A better option, when a trust deed is being drafted, is for the trust deed itself to expressly provide for the settlor or other trustees to have powers to dismiss a trustee other than under the above-mentioned section 36. This may also be a useful addition if a mentally capable trustee refuses to co-operate but does not wish to retire voluntarily. The above-mentioned statutory provisions allow for a trustee to be dismissed only in the prescribed circumstances and there is no provision under general trust law to dismiss a trustee who is simply obstructive or uncooperative. Therefore, a dismissal in such circumstances is only possible if an express provision to this effect is included in the trust deed.
What if the settlor or trustee has made a power of attorney?
Powers of attorney are definitely becoming more popular, especially since the fees for registration have been reduced. One of the questions frequently asked at Technical Connection is whether an attorney, say under a Lasting Power of Attorney (LPA), can act on behalf of a trustee (or an executor).
The short answer is that, although an attorney has wide powers to deal with both the donor’s personal financial affairs and their investments, an attorney cannot act on behalf of the donor when the donor is acting as trustee.
Although an LPA can include some specific directions on what an attorney can and cannot do, an LPA cannot ever include power for the attorney to:
- sign a will;
- act as trustee for the donor; or
- act as a personal representative of a will in place of the donor.
There are a number of provisions, though, depending on the circumstances, allowing a trustee to delegate their powers.
The first, section 25 Trustee Act 1925, enables a mentally competent trustee to delegate authority to act to another person for a maximum of 12 months. A special form of power of attorney is needed for this. However, the attorney automatically loses the authority to act on behalf of a trustee if that trustee loses mental capacity.
The subject of powers of attorney is often raised when the trustees of a particular trust need to take some action, for example to distribute trust assets, often following the death of the settlor. Since a trust may have existed for a number of years and, if the sole asset of the trust was a life assurance policy the trustees would not have had anything to do until the death benefit has been paid, at that time it may be found that, say, one of the trustees has become non-UK resident and so it may be difficult for them to sign documents (say a deed of appointment or deed of advancement to a beneficiary) in a timely fashion. This is where delegation to another trustee may be appropriate.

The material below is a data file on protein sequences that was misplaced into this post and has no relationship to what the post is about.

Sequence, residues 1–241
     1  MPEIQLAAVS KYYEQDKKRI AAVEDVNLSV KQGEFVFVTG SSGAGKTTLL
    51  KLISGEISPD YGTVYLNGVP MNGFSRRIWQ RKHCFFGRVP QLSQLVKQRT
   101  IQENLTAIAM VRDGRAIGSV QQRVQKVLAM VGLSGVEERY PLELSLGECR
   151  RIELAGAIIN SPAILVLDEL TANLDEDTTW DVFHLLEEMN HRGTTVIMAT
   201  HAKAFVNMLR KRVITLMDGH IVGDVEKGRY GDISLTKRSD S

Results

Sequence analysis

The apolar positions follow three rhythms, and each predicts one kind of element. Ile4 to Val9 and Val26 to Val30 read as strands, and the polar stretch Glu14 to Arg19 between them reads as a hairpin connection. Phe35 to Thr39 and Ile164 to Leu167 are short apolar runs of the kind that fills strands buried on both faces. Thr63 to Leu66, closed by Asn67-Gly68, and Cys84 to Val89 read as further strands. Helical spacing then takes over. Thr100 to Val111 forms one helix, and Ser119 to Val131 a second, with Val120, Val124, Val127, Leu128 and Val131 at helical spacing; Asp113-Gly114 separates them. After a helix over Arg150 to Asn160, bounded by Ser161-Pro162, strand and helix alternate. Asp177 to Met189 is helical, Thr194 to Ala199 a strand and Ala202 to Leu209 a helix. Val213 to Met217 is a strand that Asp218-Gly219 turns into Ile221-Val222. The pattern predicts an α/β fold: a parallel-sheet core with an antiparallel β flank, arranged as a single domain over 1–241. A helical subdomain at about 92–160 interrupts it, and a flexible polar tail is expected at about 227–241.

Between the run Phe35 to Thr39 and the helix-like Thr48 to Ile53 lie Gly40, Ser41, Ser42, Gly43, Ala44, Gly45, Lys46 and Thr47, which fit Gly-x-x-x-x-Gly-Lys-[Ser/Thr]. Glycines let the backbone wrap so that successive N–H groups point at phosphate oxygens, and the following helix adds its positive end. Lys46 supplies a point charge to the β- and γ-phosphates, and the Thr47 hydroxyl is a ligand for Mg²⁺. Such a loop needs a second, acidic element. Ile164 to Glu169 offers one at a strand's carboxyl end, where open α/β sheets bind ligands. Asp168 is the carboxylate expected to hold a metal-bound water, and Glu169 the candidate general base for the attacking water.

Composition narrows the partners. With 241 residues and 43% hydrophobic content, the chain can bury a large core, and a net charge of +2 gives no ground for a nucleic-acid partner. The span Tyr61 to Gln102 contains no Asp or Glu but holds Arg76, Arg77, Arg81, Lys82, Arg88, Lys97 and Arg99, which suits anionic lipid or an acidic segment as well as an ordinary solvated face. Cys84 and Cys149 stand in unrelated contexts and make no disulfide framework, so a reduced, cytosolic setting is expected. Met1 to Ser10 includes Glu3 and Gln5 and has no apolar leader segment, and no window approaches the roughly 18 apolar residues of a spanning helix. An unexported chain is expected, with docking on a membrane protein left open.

In practice, a parent will often name all their children as trustees as well as executors of their will and if, following the parent’s death, one executor is out of the country, there will be inevitable delays. So the absent executor may also want to appoint an attorney to act in probate (unless they want to renounce the executorship or have the power reserved to them). As with trusteeships, a normal LPA or EPA does not cover executorships. The appointment of an attorney has to be done in a specific form just for the executorship. There is an additional restriction under English law though that the attorney of one executor cannot take a grant jointly with an executor acting in their own right.
Finally, just because there is an attorney acting it does not necessarily follow that the donor has lost capacity, unless it is an enduring power of attorney (EPA) which has been registered. This is because an EPA would only be registered on the onset of incapacity. In such a case the EPA will be treated as evidence that an individual is no longer mentally competent.
As regards an LPA, since it is possible to register an LPA at any time, its registration is not evidence that the donor is not mentally competent to act.
If there is a known risk that a donor who is a trustee is at risk of losing mental capacity it is preferable for them to resign. If they have already lost the mental capacity to act, the other trustees will have to apply to the court to remove the incapable trustee if there is no express power in the trust deed to do this and section 36 does not assist (often because of the trustee’s beneficial entitlement under the trust).
Any adviser dealing with estate planning should be aware of the rules applying when a person loses capacity as well as the rules applying to powers of attorney. In particular, those advisers who deal with trustees or who assist with dealing with estates of deceased clients also need to have some knowledge of what happens if any relevant party loses capacity.
Any adviser who recommends a life assurance policy as part of IHT planning also needs to be familiar with certain fundamentals of trusts. When a trust of a life assurance policy is being set up, this will often be a “standard” draft provided by the life office. Naturally, not all these trusts are the same. At this stage it is important to check that the proposed draft trust includes all the relevant express provisions so that should, for example, one of the trustees lose capacity, there will be no need to involve the court.